In the video, you’ll see a short progression to the final position. Just to be clear, the final position I demonstrate is an assisted deep squat hold. It’s assisted because I have trapped my hands under my feet. This allows me to more easily straighten my back and stretch my adductors. It’s a good stretch but it won’t necessarily help you develop the required mind-muscle connection and strength required to hold the deep squat unassisted. If you can get into the position shown then you just need to practise taking your hands away from under your feet and holding it.


Upper back and shoulder mobility

There are numerous exercises you can use to develop these areas. The best choice will depend on your particular flexibility issues. In the main video below I show a couple of useful drills that should work for most people. You can use these both as general mobility development drills and as part of the warm up to mobilise the upper back and shoulders.

With the stick drill, if you can’t get the stick behind your back then just get it as far round as you can. Thoracic spine mobility may be part of the reason you can’t get the stick back. So keep working on your upper back mobility and keep trying to get the stick a little further each time. You’ll do better when your body is warm. So, use this stretch after a workout to develop your flexibility, and use it as a mobiliser before you do a session of overhead squatting.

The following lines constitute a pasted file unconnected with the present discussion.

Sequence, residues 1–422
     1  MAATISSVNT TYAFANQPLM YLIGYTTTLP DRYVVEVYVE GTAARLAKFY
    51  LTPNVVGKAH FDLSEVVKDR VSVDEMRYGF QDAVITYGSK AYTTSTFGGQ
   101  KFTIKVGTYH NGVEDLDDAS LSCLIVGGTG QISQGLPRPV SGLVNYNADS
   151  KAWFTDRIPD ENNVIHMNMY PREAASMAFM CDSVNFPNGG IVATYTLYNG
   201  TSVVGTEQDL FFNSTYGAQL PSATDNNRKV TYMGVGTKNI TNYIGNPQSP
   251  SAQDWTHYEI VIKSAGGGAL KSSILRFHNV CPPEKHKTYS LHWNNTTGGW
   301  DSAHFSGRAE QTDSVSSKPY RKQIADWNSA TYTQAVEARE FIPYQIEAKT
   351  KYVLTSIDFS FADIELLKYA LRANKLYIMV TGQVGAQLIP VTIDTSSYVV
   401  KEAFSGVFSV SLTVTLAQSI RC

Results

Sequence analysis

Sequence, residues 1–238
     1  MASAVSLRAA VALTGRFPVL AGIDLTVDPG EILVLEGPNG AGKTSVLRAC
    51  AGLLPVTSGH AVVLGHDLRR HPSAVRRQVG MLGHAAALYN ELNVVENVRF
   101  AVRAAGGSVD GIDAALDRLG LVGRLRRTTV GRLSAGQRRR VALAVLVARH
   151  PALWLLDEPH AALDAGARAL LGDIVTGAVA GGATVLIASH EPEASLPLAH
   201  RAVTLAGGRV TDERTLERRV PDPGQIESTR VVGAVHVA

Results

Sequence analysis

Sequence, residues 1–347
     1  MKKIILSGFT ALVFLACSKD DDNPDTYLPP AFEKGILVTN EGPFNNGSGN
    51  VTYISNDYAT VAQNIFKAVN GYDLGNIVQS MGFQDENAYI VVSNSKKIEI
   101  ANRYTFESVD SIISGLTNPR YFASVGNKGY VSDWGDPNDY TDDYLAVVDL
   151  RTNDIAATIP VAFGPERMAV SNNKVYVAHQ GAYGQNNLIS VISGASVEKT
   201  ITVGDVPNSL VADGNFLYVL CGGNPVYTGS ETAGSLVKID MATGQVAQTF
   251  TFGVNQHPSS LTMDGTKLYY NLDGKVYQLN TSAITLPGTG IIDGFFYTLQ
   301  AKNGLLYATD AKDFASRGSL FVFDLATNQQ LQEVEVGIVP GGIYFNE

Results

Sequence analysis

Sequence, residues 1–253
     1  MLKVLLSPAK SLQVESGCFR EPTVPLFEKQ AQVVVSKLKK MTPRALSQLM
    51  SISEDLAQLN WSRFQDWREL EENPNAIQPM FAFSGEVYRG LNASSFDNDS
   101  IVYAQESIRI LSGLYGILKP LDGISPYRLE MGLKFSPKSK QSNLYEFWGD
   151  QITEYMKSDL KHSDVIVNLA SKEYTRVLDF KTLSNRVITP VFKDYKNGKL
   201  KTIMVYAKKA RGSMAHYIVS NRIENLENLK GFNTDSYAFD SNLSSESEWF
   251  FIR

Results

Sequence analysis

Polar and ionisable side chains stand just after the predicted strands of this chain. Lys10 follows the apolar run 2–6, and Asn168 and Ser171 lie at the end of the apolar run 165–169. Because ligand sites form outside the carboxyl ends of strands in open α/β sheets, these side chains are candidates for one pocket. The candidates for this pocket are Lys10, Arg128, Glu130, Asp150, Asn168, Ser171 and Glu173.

A simple progression towards loaded overhead squats


Develop the required flexibility

We’ve covered that! It should also be a given that you look after your rotator cuff. That means easing any tension that might compromise shoulder posture, such as tight pecs, and regularly performing rotator cuff strengthening exercises. Once you have the required mobility and stability, it’s time to squat.


Use a heel block and a broomstick

Use a block of some sort to raise the heels. For the bar, use something with no weight such as a stick. If you can’t achieve a squat then this is the first drill to work on. Work hard on developing your flexibility until you can do this for reps


Use a broomstick without a heel block

Once you can do it with raised heels, have a go without the blocks. You’ll note that I have lifting shoes on. They have a raised heel. All Olympic lifters use a proper lifting shoe with a raised heel, it helps them get deep in the squat. The flatter your shoes, the more likely you are to squat with a rounded back and for your torso to be bent over. If you can sit tall in a deep squat with a straight back and flat shoes then hats off to you.


Use a bar without a heel block